What is attachment parenting?

When babies are born, they leave the warm cradle of the womb where food and security are automatically provided. Parents must learn the subtle—and sometimes not-so-subtle—cues that their babies are sending them.

Subtle cues of need and distress are easier to overlook the greater the separation between parent and child. For example, parents are more likely to miss a baby smacking her lips (an early sign of hunger) if she’s in a stroller or in a crib down the hall. A close physical connection between parent and child, leading to emotional attunement as well, is advocated in attachment parenting.

What is “attachment parenting”? 

Attachment parenting is a style of child-rearing characterized by responsiveness to a child’s needs, nurturing of strong connections with the child, and modeling of appropriate social behavior. Advocates of this parenting style believe that it teaches children to be both secure and sympathetic.

The term “attachment parenting” was coined by pediatrician William Sears, MD, in the 1980s. It was linked to ideas of attachment theory that had existed from the 1950s to the 1970s. Today, Dr. Sears and his wife, Martha Sears, serve on the board of the organization Attachment Parenting International (API).

The close physical connection encouraged in attachment parenting is believed to foster a close emotional connection. It’s that close emotional connection that experts say is the foundation of healthy adult relationships, also affecting how children will later parent their own sons and daughters.

How is attachment parenting practiced? 

API identifies 8 Principles of Parenting:

  • Prepare for pregnancy, birth, and parenting. The more knowledge expectant parents have about birth and child development, the better equipped they can be to understand the needs of their baby.
  • Feed with love and respect. The easiest way to accomplish this? Breastfeeding. But bottle-feeding parents can also practice attachment parenting; API encourages bottle-feeding parents to mimic the closeness of breastfeeding as much as possible.
  • Respond with sensitivity. With attachment parenting, parents tune in to their baby’s needs and respond to them quickly. Frequent interactions help develop awareness of needs.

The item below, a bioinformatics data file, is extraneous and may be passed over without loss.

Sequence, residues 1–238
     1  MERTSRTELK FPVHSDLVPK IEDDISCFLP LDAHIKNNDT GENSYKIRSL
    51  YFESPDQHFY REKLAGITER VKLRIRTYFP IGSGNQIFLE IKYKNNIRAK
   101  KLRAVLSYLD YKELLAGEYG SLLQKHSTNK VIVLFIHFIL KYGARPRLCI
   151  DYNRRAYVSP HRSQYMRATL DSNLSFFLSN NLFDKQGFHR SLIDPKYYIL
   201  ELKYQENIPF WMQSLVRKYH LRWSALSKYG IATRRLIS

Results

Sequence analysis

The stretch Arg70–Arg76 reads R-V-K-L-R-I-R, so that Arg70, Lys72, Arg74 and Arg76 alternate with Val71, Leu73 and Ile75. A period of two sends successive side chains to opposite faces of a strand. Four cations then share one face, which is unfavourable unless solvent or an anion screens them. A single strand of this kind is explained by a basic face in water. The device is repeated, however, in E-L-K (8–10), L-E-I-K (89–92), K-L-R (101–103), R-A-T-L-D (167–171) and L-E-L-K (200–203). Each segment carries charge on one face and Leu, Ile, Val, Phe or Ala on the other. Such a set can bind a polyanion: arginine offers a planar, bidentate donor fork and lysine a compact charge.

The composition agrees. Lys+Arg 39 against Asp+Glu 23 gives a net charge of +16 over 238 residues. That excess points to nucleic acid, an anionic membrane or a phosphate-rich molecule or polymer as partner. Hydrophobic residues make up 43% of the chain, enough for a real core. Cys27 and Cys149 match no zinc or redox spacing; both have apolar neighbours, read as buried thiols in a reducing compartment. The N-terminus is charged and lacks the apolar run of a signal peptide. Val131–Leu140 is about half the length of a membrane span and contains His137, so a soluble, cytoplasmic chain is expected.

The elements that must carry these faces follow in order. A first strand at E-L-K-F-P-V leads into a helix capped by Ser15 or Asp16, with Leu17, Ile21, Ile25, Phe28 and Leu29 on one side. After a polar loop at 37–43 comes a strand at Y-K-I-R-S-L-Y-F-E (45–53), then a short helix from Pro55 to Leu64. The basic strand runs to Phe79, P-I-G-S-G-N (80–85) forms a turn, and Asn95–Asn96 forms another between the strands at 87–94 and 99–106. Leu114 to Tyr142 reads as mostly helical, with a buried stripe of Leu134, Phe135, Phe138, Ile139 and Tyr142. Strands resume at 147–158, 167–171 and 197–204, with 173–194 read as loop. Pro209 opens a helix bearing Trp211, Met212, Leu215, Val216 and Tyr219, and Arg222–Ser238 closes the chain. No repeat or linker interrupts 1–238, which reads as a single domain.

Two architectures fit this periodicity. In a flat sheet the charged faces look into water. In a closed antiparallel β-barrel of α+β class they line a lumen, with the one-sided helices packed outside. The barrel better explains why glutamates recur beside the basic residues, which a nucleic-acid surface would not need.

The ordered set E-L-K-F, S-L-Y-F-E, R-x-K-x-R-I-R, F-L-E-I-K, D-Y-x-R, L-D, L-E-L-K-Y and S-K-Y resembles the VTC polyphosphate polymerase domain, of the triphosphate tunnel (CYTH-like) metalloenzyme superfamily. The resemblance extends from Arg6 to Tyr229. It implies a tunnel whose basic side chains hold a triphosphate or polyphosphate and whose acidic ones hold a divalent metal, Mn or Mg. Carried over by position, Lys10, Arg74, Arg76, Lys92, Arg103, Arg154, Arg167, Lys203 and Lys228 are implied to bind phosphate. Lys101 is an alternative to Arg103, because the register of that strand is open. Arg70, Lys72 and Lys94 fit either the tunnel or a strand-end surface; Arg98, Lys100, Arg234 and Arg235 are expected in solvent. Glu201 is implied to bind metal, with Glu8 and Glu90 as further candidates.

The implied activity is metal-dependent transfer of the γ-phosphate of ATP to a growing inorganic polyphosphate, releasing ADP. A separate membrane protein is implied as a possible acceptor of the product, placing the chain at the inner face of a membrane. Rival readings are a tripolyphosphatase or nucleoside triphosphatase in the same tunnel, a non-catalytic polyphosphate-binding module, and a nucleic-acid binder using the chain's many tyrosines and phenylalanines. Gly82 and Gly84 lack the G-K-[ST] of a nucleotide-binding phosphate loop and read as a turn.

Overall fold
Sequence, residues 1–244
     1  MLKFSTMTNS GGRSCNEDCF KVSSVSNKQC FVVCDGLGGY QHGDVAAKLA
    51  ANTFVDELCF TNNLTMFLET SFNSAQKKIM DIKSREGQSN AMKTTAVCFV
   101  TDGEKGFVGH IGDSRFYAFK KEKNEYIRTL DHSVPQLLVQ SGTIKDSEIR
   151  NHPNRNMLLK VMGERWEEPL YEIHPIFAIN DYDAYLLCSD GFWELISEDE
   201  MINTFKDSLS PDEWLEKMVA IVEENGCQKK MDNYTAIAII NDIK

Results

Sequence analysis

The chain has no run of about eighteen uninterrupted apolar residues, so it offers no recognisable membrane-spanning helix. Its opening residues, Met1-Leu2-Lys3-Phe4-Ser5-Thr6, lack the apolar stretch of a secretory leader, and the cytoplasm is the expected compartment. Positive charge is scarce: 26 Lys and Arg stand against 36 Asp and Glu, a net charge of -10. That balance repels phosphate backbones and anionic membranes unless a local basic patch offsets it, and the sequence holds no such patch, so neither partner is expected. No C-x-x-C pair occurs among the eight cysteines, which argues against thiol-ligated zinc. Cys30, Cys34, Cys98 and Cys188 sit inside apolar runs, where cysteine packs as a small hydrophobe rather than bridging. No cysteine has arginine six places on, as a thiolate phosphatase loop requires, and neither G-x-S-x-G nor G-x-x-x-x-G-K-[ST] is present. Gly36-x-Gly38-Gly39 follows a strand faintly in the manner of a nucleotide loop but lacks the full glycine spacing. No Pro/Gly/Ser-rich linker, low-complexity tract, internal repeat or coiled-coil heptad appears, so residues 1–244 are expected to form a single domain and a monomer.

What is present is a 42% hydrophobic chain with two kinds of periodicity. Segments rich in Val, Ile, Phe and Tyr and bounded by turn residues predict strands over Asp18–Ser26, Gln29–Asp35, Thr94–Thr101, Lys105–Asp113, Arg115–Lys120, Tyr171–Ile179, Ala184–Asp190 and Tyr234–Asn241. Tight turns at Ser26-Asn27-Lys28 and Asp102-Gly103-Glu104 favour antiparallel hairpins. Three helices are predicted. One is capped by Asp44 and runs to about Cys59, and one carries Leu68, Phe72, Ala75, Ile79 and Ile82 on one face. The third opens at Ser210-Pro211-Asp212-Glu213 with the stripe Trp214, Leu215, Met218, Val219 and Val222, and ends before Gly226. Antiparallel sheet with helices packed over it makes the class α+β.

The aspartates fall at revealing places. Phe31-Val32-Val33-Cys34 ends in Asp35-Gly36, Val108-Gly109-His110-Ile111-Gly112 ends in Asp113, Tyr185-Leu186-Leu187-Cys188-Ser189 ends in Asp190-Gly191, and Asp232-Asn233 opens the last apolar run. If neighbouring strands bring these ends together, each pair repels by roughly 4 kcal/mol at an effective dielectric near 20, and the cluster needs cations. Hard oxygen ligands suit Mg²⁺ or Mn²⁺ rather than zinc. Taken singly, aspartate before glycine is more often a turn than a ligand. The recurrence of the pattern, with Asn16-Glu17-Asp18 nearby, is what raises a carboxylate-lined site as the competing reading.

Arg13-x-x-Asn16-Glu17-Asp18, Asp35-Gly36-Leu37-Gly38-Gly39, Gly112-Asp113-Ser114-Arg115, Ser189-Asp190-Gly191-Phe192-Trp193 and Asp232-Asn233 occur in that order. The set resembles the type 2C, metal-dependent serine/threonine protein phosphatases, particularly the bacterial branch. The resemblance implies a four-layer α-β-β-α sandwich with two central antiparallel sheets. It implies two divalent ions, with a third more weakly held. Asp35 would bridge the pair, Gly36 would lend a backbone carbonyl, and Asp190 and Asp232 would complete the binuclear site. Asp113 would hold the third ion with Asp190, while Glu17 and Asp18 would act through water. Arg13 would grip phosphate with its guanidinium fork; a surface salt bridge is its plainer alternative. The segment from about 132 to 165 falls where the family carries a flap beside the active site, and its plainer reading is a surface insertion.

• Use nurturing touch. Babies thrive on caring touch. Babywearing and massage are ways of maintaining a close physical connection.
  • Ensure safe sleep, physically and emotionally. Babies have needs 24/7, and as much as parents might look forward to their baby “sleeping through the night,” the reality is that parents need to be available to their baby during the night. (The American Academy of Pediatrics recommends that infants sleep in the same bedroom as their parents but on a separate surface.)
  • Provide consistent and loving care. The ideal caregiver for a baby is a parent. For working parents, API encourages finding a trusted caregiver who will provide the closeness and interaction babies need.
  • Practice positive discipline. Positive discipline refers to using methods like distraction and substitution to guide children toward desired behaviors.
  • Strive for balance in your personal and family life. Attachment parenting doesn’t require parents to abandon their own needs. Instead, parents should strike a balance between meeting their own needs and meeting those of their child.

API encourages parents to take these eight principles and adapt them to their personal preferences, situations, and family needs. The ultimate goal of attachment parenting is for children to grow up with strong, healthy attachments to adults important in their lives, and through these attachments learn to form close connections throughout their lives.

Last updated June 26, 2019

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